As is now my annual tradition, it’s time for me to tell everyone how much money I make!
Why? Well, I find the financial opacity of the freelance world a bit intimidating, and I suspect that some others do, too—particularly those who are interested in freelancing, but haven’t yet jumped in. So I’d like to do my part to lend transparency by laying out my financial picture for all of you. And if you’re interested in more stuff like this, check out the results of the 2020 Cartographic Freelancer Survey.
My business income comes from a few different sources:
I mostly make my living by doing freelance mapping for clients. This number, like others here, represents my gross earnings, before taking out business expenses, etc.
I also earn money from some other non-mapping freelance work. This year I did a lot of freelance GIS that I’m counting here (rather than as “cartography”). I also got a $5,000 coronavirus relief grant that’s counted here.
I do a fair amount of pro bono work, and I’ve been much more shameless about asking for support for my tutorials, livestreams, Project Linework, and other resources that people draw value from.
Instead of making maps for clients, I sometimes (or often) spend time making maps for no one in particular. And then I’ll put them up for sale in case anyone wants to buy them. This year’s value is super-high because I ran a Kickstarter to print up Landforms of Michigan.
My expenses includes things like software, utilities, shipping, cyanotype materials, the fees I pay to receive donations, etc. It also includes the cost of producing prints: for example, I raised nearly $6000 in my Kickstarter, but most of that money went into paying to have the posters printed and shipped. Cartography doesn’t have a huge overhead, but there is definitely some cost to doing business.
So, that works out to a net business income of $93,703.55 (which is a little different than a salary — see below). My pre-expense gross business income was $105,909.9. Here’s how that compares to the last several years:
My Income is not a Salary
If you’re only familiar with earning money as a salaried employee, my income might seem higher than it really feels. After business expenses, I earned roughly $94,000 in self-employment income. For my personal tax situation (single, living in WI), my take-home pay would have been similar if I had worked a salaried job (with benefits) that earned about $74,000. Actually probably less, because I didn’t count the fact that I don’t get any vacation or other paid time off.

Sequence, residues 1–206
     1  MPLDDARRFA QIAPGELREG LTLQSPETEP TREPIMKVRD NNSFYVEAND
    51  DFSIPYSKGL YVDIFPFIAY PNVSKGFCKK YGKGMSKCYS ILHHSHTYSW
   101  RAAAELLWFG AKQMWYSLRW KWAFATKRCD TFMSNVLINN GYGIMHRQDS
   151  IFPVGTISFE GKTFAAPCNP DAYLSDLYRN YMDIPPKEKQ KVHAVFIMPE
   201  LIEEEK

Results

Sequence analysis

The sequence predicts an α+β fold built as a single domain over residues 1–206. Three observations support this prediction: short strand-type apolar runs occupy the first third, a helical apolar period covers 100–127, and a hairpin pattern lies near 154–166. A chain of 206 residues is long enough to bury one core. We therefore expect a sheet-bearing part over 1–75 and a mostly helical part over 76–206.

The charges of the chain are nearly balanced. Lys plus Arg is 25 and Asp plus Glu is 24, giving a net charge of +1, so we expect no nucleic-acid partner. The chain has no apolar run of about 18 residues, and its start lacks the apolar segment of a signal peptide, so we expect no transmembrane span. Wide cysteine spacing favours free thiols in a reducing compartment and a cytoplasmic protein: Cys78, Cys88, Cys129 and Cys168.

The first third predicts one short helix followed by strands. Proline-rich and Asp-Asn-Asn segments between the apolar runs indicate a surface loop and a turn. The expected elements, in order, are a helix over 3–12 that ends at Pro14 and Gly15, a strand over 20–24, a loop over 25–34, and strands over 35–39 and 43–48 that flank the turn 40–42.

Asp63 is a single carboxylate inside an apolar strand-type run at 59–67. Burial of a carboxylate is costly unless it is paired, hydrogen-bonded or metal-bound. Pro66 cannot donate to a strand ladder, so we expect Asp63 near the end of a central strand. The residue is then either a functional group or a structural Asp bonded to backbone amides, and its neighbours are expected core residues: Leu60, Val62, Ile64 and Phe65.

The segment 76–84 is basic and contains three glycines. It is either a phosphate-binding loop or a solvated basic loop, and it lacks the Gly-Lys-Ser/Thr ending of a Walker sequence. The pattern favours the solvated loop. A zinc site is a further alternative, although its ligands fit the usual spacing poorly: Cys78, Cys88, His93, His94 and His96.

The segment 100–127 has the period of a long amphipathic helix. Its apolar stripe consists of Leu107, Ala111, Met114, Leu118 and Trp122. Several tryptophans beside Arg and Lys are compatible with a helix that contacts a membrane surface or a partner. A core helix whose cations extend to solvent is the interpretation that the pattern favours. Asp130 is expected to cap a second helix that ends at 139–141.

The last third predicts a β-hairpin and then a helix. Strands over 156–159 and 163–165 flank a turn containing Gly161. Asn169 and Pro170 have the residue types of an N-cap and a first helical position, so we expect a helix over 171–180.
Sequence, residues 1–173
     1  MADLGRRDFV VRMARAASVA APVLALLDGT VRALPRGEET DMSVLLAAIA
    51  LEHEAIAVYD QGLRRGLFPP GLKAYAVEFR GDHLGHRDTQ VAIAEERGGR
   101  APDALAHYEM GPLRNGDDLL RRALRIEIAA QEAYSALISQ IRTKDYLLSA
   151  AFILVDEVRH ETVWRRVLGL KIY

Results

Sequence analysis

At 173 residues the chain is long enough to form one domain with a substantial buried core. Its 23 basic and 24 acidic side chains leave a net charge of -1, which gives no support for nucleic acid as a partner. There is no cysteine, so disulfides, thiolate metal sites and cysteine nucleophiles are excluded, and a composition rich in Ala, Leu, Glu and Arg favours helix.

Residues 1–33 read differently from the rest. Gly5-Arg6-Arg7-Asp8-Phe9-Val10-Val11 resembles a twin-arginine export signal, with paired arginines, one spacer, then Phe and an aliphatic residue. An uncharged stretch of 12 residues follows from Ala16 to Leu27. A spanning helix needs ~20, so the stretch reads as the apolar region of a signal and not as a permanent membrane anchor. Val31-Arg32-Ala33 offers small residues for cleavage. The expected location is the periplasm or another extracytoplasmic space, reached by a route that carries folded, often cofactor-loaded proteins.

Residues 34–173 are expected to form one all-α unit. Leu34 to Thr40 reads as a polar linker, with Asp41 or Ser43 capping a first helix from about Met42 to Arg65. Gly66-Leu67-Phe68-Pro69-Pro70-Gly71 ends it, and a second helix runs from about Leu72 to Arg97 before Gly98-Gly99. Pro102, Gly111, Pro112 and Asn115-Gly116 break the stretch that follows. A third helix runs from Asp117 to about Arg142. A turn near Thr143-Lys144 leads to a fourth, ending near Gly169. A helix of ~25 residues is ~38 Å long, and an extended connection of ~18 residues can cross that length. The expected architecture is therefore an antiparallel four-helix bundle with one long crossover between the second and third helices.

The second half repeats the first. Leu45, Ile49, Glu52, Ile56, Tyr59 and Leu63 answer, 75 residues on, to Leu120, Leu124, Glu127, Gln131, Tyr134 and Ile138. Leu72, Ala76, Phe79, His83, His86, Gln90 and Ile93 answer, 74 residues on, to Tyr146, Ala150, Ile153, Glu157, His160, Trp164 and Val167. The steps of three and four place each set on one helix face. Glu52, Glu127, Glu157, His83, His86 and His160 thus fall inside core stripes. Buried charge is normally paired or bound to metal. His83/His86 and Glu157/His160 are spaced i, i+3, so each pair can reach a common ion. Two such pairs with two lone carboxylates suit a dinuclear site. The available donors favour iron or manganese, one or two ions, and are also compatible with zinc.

This difference is because self-employed people in the United States pay a much higher tax rate, and have to cover their own health insurance, as well as retirement savings contributions.
This was an unusually good year, though primarily due to non-cartography work, as I’ve been doing a lot of freelance GIS work for a particular client. That will end at some point. I’ve stored away a lot of that income as a safety net for the next lean year (you can see that some past years I’ve earned much, much less). There’s no real guarantee about my income from one year to the next.
As mentioned above, I earn income from prints of my work. Most of the things in my storefront have never sold more than a few copies. Historically, it’s pretty much all income from River Transit maps. But, it doesn’t cost me anything to offer things for sale, so if I can earn $10 from one of the less popular items every once in a while, I might as well take it. I want to do a survey at some point to look at print sales of map posters. I suspect that lots of us have designs that get a lot of social media attention, but not a lot of actual sales, so that we each look like selling much more than we really are.
I greatly appreciate the kindness people have shown me over the years through donating to support the unpaid parts of my work. It’s becoming an increasing fraction of my overall income. If you’d like to add your own support, here are some handy buttons:
Finally, I hope all this stuff above offers some useful insight as to one freelancer’s life. I’m sure some others earn more, and some others earn less. I’d encourage others who are comfortable doing so to share their own financial information, to make the picture a little broader.
5 thoughts on “Financial Transparency: 2021 Edition”
Thanks for keeping the tradition going Daniel! Looks like we both had our best year ever. I can’t really break my income down between cartography and GIS since for most projects they’re intertwined, but here’s my breakdown for 2021 as a comparison.
Gross Income: $74,310
($140 of that is print sales)
Subcontracted Labor Expense: -$3,617
Other Expenses: -$8,833
SEP-IRA Contributions: -$10,000
Self Employment Tax: -$8,695
Net Income: $43,165
Keep up the good work!
Congratulations, and thanks for sharing once again! You’re definitely putting away more for retirement than I am — I made a $6000 Roth IRA contribution, but I have been tardy (by several years) in setting up anything that can take more than that. But on the plus side, I bought a condo, so I’ve now escaped the financial quicksand of renting.
Another thanks for keeping this going Dan. I’m a salary man so there’s no means to compare our relative efforts for attention devoted to carto vs gis vs code vs … However to contribute _something_ to the annual conversation. My 2021 gross income was $78.,700 and net of $56,300, CAD.
Have you formed an LLC that files as an S-Corp or do you only file as self employed?
I just have a sole proprietorship at present. I did at one point look into an LLC, but it sounded like it might not be worth the hassle for me. It didn’t seem to carry any tax advantages (I think they did a few years ago, but recent changes have meant those advantages are now available to sole proprietors, too), and I don’t really have a lot of liability exposure, so for now I’ve kept it simple.